A fine financial mess


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ONE comment must be made before entering upon any discussion surrounding the funding arrangements of provincial governments: It is unsustainable using the resources of a province alone.
While they were given pretty much carte blanche to collect certain forms of taxes and enter into business, their core business prevented a business outlook.
Provincial governments were created as political units, dependent upon the central government for sustenance and there as extensions of that central authority to do its bidding.
What nature or aspect or purpose of the national government was to be decentralised to the provincial government was not made explicitly clear.
In places it was presumed that all political, legal, administrative, and financial authority was decentralised and provincial governments moved with gusto to exercise their authority, often exceeding those powers.
In other places only some of those powers were claimed or exercised.
In almost all instances capacity was never there to exercise these powers to their fullest.
But it was in the exercise of financial powers that the provinces were found most wanting, both in its availability and in its proper management.
The Constitution, the Organic Law on Provincial Governments and the enabling acts of Parliament and accompanying regulations provided for some autonomous financial activity such as collection of certain forms of taxes and of setting up business arms but these were not the central focus of a provincial government.
The focus, in principle, was to have been delivery of goods and services to the people in the farthest reaches of a province.
In practice and in reality, Provincial Governments spread the politics, not the. goods and services.
This fact alone ought to be an inquiry stopper.
Why advance much further than the discovery that the enterprise had failed in its original purpose.
For, nowhere upon the face of this fair land has a province advanced, by the machinations of its own planning or finances and administration, such infrastructure, such public amenities and utilities, such institutions for education or health and such commerce or industry, that could be held up to the nation as an example of the success of this experiment.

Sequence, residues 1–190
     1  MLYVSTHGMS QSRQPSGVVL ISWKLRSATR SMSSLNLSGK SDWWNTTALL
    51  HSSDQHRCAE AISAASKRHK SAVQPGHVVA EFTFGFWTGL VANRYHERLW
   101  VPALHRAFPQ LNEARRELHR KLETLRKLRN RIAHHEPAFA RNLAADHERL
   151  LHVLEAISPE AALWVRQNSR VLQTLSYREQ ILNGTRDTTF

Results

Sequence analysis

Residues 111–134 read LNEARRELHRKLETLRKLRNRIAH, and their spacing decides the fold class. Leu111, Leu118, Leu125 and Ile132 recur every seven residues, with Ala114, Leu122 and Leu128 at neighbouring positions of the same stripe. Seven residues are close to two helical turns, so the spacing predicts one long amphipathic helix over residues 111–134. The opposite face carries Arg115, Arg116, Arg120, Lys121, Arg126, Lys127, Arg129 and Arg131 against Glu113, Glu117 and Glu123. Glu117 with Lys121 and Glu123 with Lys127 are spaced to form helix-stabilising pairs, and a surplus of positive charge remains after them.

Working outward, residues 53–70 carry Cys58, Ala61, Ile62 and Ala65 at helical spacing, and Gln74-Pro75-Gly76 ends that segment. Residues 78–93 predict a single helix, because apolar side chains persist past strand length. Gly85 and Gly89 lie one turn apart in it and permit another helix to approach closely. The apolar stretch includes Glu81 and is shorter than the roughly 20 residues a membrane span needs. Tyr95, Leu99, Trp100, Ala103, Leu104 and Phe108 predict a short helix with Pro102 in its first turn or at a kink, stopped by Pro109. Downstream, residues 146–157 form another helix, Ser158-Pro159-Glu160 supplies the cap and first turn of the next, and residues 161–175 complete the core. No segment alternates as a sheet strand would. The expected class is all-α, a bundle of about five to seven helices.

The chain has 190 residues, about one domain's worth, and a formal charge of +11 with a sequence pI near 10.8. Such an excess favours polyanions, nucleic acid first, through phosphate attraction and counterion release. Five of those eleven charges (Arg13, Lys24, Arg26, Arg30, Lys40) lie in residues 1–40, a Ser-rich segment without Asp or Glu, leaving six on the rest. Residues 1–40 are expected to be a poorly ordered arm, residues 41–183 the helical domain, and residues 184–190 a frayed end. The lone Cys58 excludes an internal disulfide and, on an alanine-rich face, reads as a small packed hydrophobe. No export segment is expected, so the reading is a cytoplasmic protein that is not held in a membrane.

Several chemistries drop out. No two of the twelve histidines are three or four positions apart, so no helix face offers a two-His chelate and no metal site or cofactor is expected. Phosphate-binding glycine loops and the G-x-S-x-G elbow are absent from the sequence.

It is a failed experiment and that is all that can be said about that. Tok i dai.
Indeed, the provincial government system has dismally failed the nation. They serve no purpose but debilitating cost.
While they have been granted certain revenue raising powers, there have been and continue to be marked inequality in individual province’s abilities based on resources and fiscal capacity.
Provinces have depended entirely for sustenance on transfers from the national government in terms of derivation, equity and needs.
The largest of these transfer is the minimum unconditional grant (MUG).
This funding is to meet the cost of national government functions and responsibilities that were transferred to provincial governments.
There was a smaller uniform grant to meet the cost of a six-person secretariat and a third transfer made to those provinces with resource developments. The argument for this third transfer, termed derivation grant and calculated at 1.25 percent of the export value of each product, was that the national government was getting a large share of revenue from these provinces which hosted resource projects or other industries which produced export revenues.
Based on the recommendation of the National Fiscal Commission a fourth transfer called the additional unconditional grant (AUG) was granted to provincial governments to equalize development among provinces but this fizzled out early in the piece.